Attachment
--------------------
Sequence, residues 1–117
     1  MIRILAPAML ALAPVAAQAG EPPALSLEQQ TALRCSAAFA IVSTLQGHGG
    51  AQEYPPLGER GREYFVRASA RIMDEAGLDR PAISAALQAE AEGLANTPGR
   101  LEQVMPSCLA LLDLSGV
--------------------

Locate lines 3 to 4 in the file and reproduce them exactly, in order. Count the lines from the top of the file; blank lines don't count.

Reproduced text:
    51  AQEYPPLGER GREYFVRASA RIMDEAGLDR PAISAALQAE AEGLANTPGR
   101  LEQVMPSCLA LLDLSGV